Twin Fears

Two years ago today, I went for an early ultrasound. A dating ultrasound. Standard practice. I had one with both of my pregnancies.

Sunshine’s was at 5+0 weeks. She was just a fluttering lump of cells, nothing discernable. But her heart was beating, and it was magical.

My second one was at 7+1. I was far more sick the second time than I was the first time. I could not find ways to quell my nausea.

I bloated quickly. If it is possible to begin showing at conception, then that is what I was doing. My BFFL said my face looked different at just six weeks. She knew it was a boy based on my face alone. My best friend knew I was pregnant before I told her because I looked “five pounds heavier” mere weeks after conception.

Sunshine said it was twins. I will never forget that. When Saint Daddy and I told her about my pregnancy, just shy of the five week mark, she said it was not a boy or a girl but both. Two babies, she said.

At that first ultrasound, at 7+1, I was nervous. I think every expectant momma in the first weeks feels that. She knows she is pregnant. She saw the test change before her eyes. She felt the early symptoms, but she had no real proof that a baby was coming.

I refer to it as pregnancy limbo. The momma knows, but she has little to show for the knowledge and she does not really want to tell anyone. So she is walking around with a big anxious secret, unsure of what the future might hold.

I once tried to explain that to Saint Daddy, but he did not quite grasp what I was saying. Mommas know it. I am sure.

Saint Daddy and Sunshine came with me for that ultrasound. Saint Daddy rarely missed any of my appointments. He is quite proud of being at all but one for Sunshine. The second time, he missed a few more. In his defense, I had a lot of appointments the second time. No one can blame him for missing a few.

We went back into the ultrasound room. The tech was very nice. She asked me some questions about how I was feeling. She assured me that the intense all-day nausea, the exhaustion, and the discomfort were all excellent signs of a healthy pregnancy. We would know soon enough, she said, just how healthy it was.

When I laid down on the table, I never imagined what I would see. Pregnancy limbo involves a fear that there might be nothing to see whenever an ultrasound occurs. Pregnancy limbo is a scary time. I prepared myself for the worst possibility. I steeled myself for it. I could never be ready for that devastating news, but I refused to be blindsided by the possibility of it.

Miraculously, I never had to use that preparation. I am lucky, I am grateful, and I am blessed.

What I did not truly prepare myself for was Sunshine’s guess that there were two babies in my belly.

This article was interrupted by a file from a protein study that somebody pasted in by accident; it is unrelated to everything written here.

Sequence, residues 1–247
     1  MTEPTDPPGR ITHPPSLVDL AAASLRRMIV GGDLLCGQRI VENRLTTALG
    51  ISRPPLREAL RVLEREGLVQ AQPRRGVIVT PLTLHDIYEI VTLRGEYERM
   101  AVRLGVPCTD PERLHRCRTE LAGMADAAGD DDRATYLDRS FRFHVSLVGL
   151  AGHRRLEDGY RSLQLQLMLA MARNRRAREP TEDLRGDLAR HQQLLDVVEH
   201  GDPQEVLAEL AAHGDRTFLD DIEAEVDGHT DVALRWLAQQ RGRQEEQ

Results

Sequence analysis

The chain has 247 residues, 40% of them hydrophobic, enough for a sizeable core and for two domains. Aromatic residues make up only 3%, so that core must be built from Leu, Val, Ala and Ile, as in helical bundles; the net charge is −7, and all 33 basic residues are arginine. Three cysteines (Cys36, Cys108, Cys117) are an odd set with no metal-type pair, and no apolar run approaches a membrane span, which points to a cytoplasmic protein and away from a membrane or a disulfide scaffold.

I had laughed about it. I had told my best friend about it. I had told my BFFL about it. They laughed with me. “Could you imagine?” “Where would you put a second one?”

So I laid down on the table, I lifted my shirt up, and I waited.

The tech put jelly on my lower abdomen and she pressed the wand against me. The screen in front of Saint Daddy, Sunshine, and me remained black. She would not turn it on if she had bad news. I knew it. I held my breath. I prayed to God that it would be okay. That the baby would be okay.

We had already been calling the baby our Seahorse. That is what that ball of cells becomes next, a seahorse. Come on, little seahorse, be there. We want to see you.

I am sure it was only a minute, but it felt longer. But then, she turned on the screen. I let the air out of my lungs. That screen turning on meant our seahorse was growing, its heart was beating, the pregnancy was going well.

The tech told us all about our seahorse: the heartbeat, the size, he was measuring on schedule. It was exactly as expected.

“And then, this one.”

And she flipped her wrist ever so slightly up, and suddenly, there were two seahorses on the screen.

If you saw me tell this story in person, I would not be shy about the language I used at that moment. In the interest of keeping this a little more PG, however, suffice it to say, I dropped the f-bomb. Not angrily. It was in complete surprise. HOLY FRIGGING POOP! I said. Only not quite that way. IT’S TWINS! IT’S TWINS! SUNSHINE WAS RIGHT! IT’S TWINS! SHE SAID IT WAS TWINS AND IT IS TWINS! HOLY FRIGGING POOP!

I am sure everyone within a mile of that room heard my exclamations.

I laughed and I cried at the same time. It was so many thoughts and feelings at the same time.

The first thing I heard outside of my head was Saint Daddy. “We’re going to have to get a new car, aren’t we?”

I spent three days in a mystified stupor. I wanted to tell the world, but I was terrified.

I remained terrified throughout my twin pregnancy. I was prepared to carry a singleton. I had done it before. We could afford a second child. We bought the perfect car and perfect house for a family of four about a year beforehand.

I am a planner. It is one way I tackle my anxiety. I had planned this pregnancy. We had planned for Saint Daddy to begin working outside of the home again within a couple of years. We had planned. We had planned. We had planned.